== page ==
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September Fishing in the Rockies: Tackling Low & Clear Waters with Tenkara Techniques

September Fishing in the Rockies: Tackling Low & Clear Waters with Tenkara Techniques

September presents a unique fishing landscape in the Rockies. With summer’s heat transitioning to fall’s first frost, the waters turn low and crystalline, unveiling challenges for anglers. The fish, having experienced a full summer of anglers’ pursuits, have become more cautious. Yet, with the right approach and tenkara gear, September fishing can be immensely rewarding.

On radiant September days, fishing can prove difficult. Fish are extra vigilant and can spot flies and tippets more easily in the translucent waters. Such conditions necessitate tactical strategies:

  1. Time Your Fishing – Early mornings or late afternoons, before the sun dominates the waters, can be optimal. Mid-day fishing? Look for streams shaded by dense foliage or other natural covers.
  2. Casting Mastery – A subtle casting approach is crucial. Ensure the fly lands far from the casting lines, minimizing chances of spooking the fish.

Preferred Tenkara Gear for September Fishing:

  • For Small Streams: The Rhodo rod stands out with its gentle action, making it ideal for light casts.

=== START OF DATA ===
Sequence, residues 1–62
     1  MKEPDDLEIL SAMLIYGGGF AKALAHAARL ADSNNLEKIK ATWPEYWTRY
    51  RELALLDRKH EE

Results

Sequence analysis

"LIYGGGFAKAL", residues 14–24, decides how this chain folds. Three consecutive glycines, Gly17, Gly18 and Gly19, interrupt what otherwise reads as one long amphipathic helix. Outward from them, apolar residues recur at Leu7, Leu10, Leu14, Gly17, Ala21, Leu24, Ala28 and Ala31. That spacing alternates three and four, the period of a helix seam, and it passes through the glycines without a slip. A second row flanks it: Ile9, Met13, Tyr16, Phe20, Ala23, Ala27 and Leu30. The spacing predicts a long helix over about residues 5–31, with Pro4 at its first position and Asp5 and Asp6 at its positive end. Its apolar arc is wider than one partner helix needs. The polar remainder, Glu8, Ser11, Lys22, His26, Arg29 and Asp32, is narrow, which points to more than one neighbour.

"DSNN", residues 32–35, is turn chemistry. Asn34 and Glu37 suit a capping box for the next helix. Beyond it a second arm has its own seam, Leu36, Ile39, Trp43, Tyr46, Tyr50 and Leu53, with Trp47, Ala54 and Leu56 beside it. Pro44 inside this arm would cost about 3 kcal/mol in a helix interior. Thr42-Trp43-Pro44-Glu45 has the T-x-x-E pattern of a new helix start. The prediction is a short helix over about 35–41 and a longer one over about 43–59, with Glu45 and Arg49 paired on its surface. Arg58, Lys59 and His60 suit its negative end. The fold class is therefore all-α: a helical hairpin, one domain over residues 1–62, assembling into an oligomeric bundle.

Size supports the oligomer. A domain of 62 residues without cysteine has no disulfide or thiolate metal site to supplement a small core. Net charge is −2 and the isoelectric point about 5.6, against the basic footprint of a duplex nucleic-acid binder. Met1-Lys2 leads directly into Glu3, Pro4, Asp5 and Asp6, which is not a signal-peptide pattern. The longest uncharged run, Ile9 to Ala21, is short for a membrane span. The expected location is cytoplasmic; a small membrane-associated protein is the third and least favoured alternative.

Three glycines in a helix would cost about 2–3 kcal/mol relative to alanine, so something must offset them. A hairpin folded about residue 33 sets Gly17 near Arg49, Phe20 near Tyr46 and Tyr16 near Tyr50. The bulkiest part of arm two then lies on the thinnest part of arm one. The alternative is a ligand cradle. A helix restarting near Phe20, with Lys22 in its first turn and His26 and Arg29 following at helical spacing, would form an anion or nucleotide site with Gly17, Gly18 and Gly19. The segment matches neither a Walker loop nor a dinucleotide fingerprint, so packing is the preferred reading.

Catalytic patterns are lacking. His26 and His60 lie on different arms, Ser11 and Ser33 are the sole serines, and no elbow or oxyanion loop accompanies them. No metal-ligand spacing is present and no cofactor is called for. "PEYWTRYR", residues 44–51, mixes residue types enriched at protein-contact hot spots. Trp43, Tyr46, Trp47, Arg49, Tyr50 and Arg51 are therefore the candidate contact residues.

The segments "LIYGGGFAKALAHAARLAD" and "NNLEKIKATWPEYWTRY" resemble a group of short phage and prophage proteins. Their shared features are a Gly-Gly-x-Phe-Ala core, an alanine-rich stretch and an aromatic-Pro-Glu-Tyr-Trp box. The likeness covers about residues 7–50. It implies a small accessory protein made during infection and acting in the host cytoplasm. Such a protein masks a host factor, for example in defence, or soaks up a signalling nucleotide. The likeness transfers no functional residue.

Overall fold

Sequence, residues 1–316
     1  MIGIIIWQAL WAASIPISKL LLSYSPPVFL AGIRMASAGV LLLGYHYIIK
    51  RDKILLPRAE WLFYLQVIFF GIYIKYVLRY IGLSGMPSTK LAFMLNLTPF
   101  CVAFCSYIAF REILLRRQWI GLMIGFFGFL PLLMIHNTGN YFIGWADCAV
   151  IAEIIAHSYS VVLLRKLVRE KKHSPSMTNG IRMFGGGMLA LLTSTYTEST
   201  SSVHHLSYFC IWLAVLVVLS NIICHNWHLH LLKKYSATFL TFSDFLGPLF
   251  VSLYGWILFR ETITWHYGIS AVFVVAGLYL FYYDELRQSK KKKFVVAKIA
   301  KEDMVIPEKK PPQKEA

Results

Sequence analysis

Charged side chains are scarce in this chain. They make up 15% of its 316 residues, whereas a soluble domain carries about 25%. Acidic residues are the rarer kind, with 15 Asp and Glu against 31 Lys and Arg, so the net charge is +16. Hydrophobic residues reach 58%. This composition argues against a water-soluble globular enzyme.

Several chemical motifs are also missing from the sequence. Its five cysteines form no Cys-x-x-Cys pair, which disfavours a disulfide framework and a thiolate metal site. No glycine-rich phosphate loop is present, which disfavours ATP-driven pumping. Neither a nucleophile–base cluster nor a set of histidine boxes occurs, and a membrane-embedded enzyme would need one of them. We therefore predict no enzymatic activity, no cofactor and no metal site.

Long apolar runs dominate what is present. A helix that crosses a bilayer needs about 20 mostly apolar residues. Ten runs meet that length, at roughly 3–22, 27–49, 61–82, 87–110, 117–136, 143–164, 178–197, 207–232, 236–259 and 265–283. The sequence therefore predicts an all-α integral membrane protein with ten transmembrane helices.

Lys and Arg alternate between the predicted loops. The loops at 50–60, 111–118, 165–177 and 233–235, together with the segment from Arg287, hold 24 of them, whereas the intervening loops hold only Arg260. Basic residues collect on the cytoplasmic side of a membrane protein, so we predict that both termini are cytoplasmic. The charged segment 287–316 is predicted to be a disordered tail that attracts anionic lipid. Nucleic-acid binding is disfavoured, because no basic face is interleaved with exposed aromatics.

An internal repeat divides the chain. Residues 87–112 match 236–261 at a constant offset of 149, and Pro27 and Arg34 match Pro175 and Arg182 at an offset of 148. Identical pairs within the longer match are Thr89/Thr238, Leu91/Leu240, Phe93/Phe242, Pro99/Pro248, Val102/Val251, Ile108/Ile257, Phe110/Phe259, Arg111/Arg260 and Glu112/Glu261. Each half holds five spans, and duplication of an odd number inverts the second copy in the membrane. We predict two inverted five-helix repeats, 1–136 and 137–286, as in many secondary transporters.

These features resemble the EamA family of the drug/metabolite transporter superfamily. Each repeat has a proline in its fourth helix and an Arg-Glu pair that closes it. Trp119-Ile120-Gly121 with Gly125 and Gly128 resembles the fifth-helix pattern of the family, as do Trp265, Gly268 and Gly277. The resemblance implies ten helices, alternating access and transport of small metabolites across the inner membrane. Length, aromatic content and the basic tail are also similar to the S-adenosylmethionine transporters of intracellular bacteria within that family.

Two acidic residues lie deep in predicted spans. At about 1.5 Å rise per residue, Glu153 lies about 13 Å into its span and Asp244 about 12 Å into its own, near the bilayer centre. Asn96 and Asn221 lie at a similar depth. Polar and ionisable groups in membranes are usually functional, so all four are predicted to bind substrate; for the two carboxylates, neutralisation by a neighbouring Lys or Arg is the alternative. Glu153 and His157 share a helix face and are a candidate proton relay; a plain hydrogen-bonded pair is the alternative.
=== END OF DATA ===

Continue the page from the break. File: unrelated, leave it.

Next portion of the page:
• For Larger Rivers: The Ito rod offers extended reach while maintaining a light action, protecting those delicate tippets typical of this season.

3.5 level lines, especially when long, keep you at a safer distance from the fish. September demands finesse in casting. While longer 5x tippets of around 4 feet are my go-to, some seasoned tenkara anglers might opt for shorter ones to ensure perfect turnover. During September’s low flows, bright-colored lines may deter fish. Our furled, tapered lines, especially in muted tones, are often a better choice. For instance, the Rhodo manages our 15′ furled line adequately, while the Ito handles it effortlessly.

Fly Choices:

Almost all our flies are apt for this season. However, if fish appear wary—easier to notice in clear waters—I gravitate towards our tiniest fly, the Takayama kebari. On cloudier days, switching from a subtle drift with the Takayama kebari to pulsing our most massive fly, the Oki Kebari can be productive. This technique mirrors streamer fishing and is particularly effective on vast rivers during cloudy times or at dawn and dusk.

In conclusion, September may present its fair share of challenges, but it’s far from being a lost cause. Sometimes, moments reminiscent of July’s effortless fishing suddenly emerge, especially when the sun retreats. Persistence is key, and the rewards? Absolutely worth the wait!